It Costs $130K to Live the 'American Dream'
That'll get you and your 2 kids a house, SUV, and more, per a 'USA Today' analysis
By Kate Seamons, Newser Staff
Posted Jul 4, 2014 7:59 AM CDT
Living the American dream doesn't come cheap.   (AP Photo/Carlos Osorio)

(Newser) – As Americans today celebrate their freedom, a USA Today analysis calculates just how much it costs to live the American dream. And its number-crunching indicates only about 13% of Americans can foot the bill, which clocks in at $130,357 a year for a family of four. Per Census Bureau numbers, one in eight US households made that much money last year, with the median income being $51,000. What $130K could, in theory, get those who made the cut:

  • A home, at $17,062: What's the American dream without one's own home? USA Today estimated the annual cost of a $275,000 home (the median price in the nation) based on a 30-year mortgage at 4% and a 10% down payment, plus a factored-in annual maintenance cost.
  • Groceries, at $12,659: A figure based on the USDA's estimate of a "moderate-cost" grocery plan.

  • A car, at $11,039: An SUV of course, and one with four-wheel drive, based on AAA numbers.
  • Healthcare, at $9,144: The paper used the Milliman Medical Index to arrive at the figure, which includes annual insurance premiums and out-of-pocket costs.
  • Good standing with Uncle Sam, at $32,357: Federal, state, and local taxes were calculated at 30%.
  • Schooled kids, at $9,000: That covers expenses for the year plus pretax college savings.
  • A secure future, at $17,500: That's the amount earmarked as the annual pretax contribution to a retirement plan—the max if you're under 50.
  • Summer vacation, at $4,580: Because what's the American dream if you can't get away for a little while?
  • Game of Thrones, Facebook, etc., at $3,100: A figure that gets you cable, Internet, and your cell phone.
Amounts were also earmarked for dining out, entertainment, utilities, etc. Full breakdown here.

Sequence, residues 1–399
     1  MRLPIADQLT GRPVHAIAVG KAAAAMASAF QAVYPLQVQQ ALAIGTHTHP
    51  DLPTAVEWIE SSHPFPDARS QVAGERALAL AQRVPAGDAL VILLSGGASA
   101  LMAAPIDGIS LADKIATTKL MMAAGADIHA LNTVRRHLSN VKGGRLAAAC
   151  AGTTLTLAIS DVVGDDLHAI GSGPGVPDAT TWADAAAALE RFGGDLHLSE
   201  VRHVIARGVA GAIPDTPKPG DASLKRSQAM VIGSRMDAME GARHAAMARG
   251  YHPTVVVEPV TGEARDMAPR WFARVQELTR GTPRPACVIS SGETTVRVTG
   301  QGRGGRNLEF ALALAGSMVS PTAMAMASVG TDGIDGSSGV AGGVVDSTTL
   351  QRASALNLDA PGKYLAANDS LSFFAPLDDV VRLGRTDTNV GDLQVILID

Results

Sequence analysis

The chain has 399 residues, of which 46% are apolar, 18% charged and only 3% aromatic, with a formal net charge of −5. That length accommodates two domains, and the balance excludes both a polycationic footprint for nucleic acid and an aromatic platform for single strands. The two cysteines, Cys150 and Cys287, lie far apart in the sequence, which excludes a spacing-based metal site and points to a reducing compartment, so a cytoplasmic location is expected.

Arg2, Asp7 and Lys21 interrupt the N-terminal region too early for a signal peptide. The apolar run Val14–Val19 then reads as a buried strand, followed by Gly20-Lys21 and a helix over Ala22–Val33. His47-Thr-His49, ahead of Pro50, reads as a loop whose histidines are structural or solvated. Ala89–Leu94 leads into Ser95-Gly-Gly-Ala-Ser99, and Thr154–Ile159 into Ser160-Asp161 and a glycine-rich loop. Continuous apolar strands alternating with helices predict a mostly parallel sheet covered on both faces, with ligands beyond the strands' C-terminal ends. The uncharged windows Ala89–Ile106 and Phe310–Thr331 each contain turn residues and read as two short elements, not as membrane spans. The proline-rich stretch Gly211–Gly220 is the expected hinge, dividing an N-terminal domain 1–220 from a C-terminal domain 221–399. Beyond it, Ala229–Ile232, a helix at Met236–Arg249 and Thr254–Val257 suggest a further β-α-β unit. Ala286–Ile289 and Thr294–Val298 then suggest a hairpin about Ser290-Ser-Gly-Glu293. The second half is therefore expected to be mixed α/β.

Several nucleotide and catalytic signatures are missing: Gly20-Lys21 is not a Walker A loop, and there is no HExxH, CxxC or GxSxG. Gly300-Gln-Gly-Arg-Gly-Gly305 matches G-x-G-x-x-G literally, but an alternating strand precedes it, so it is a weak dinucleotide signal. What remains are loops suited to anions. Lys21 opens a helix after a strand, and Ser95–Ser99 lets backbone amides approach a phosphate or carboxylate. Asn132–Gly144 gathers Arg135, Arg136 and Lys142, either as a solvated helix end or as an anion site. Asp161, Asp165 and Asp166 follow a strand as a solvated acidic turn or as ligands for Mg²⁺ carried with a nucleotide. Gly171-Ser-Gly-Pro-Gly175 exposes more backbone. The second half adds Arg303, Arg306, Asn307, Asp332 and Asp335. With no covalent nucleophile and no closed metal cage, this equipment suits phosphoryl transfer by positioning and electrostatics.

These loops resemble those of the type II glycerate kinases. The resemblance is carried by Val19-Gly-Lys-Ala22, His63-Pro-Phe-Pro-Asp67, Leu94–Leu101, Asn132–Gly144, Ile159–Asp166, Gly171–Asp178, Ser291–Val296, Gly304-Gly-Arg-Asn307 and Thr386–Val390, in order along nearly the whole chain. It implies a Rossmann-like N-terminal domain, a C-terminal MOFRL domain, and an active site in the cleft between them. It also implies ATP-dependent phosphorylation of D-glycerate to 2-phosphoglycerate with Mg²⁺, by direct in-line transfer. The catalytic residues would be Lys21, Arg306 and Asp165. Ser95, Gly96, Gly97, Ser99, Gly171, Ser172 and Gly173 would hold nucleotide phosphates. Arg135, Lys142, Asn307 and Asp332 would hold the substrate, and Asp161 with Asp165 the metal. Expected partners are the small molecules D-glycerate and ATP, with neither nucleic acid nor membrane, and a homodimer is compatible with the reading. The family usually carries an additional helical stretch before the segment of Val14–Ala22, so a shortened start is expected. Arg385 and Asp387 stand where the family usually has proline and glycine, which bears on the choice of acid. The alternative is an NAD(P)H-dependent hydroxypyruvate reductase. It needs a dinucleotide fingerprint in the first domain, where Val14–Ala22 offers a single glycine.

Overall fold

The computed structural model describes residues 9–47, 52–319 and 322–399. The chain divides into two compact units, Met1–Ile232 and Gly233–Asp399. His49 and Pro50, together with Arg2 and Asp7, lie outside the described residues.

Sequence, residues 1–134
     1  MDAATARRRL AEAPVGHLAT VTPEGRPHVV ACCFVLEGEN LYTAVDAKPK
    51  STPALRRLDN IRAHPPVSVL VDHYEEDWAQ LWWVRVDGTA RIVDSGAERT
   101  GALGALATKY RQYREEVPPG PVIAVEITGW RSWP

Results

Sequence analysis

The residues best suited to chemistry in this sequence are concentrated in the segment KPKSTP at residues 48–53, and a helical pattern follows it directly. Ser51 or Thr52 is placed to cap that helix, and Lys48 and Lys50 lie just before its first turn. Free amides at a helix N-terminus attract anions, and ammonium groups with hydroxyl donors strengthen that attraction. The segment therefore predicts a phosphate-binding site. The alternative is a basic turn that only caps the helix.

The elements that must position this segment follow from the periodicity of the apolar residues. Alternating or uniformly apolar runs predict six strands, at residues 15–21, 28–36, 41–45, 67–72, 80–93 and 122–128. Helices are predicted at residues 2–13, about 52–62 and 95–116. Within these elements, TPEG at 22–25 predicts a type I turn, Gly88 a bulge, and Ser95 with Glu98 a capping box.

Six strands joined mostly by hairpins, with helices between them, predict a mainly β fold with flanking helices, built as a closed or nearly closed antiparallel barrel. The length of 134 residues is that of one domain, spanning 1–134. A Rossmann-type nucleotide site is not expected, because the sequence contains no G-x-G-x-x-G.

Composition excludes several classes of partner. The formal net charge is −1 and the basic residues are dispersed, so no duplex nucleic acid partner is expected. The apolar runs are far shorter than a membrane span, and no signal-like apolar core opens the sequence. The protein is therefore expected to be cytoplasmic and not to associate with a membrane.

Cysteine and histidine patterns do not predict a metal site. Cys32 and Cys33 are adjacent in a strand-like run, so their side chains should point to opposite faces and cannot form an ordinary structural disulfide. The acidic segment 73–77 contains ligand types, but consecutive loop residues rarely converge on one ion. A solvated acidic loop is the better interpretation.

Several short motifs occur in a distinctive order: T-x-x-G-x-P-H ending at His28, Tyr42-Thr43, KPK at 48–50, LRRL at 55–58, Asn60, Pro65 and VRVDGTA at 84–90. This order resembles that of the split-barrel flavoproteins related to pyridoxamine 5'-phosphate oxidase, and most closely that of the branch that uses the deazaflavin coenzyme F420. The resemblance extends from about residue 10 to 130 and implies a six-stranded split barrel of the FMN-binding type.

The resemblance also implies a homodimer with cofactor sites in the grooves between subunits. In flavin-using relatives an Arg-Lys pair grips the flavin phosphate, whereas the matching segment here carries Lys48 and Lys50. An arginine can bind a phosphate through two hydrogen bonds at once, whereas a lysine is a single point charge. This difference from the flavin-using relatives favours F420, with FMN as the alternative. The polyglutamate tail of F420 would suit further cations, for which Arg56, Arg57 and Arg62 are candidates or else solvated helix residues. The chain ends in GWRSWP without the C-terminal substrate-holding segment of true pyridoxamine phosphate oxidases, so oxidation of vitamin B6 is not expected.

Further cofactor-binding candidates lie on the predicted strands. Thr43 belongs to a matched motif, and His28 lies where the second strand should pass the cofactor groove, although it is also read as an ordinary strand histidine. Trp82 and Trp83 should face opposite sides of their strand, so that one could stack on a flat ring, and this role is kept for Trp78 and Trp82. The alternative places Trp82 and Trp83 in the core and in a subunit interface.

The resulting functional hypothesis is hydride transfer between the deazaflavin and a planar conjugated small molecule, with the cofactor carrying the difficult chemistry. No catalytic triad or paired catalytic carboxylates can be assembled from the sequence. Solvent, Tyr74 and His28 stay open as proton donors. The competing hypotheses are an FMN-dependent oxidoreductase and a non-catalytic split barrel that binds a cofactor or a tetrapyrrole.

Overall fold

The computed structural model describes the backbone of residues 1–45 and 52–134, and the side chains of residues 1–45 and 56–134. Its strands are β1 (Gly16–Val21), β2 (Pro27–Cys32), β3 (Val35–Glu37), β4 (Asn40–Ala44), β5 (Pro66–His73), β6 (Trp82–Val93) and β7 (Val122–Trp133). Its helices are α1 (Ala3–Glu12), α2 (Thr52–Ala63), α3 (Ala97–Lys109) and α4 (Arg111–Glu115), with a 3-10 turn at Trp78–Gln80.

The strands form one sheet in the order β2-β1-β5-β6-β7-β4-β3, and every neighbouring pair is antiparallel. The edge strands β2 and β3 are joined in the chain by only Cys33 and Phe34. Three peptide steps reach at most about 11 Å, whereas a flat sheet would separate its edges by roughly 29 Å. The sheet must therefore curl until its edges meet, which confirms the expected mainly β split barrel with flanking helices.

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Jeff Haugan
Jul 8, 2014 9:56 PM CDT
I've been living the American dream very nicely on half of that thank you. $11,000 a year on an SUV? Mine has been paid for, for over a decade and still going strong. A Tahoe LT that I bought at 2 years of age for $16,000.(The other car is paid for as is the boat) My five bedroom two bath house cost me $90,000 (in a nice quiet middle class neighborhood) and runs me with taxes, insurance and mortgage about $580 a month. Groceries run me about ten grand so that is at lest close, but I hardly call it moderate. We eat pretty darn good on that. You can do a lot of vacation for $4,000 a year. I have been to mainland China a number of times for a lot less than that, but of course, that was just me, not the family. At $130,00 a year, that puts you in the top 10% of income earners and most of us are doing just fine on a lot less. I almost forgot, that also includes a pension, nice annuity plus my SS which will leave me a nice little income. And yes, I will probably always work, even if only the old fart who greets people at Wally World
Jul 7, 2014 4:16 PM CDT
The American Dream. The writer has it all wrong. That dream is like success. It has a different meaning for each American. Some dream to be rich, others just comfortable and still others just want to have fun. The dream is individual and as Americans each of us get to define it because our economic system, personal and professional advancement and where we live does not depend on a class system, religious preference or determined by dictators. The dream does not include 4 kids for everyone, for those in the inner city it doesn't include a car - it varies by personal preference. What was listed above is all material. The American dream is not material its who we want to be as a person as we acquire that dream. The image of the person provided implies one that likes adoration and keeping up with the Jones - not all of us feel the need to do that.
Jul 5, 2014 2:48 PM CDT
Or just apply for welfare.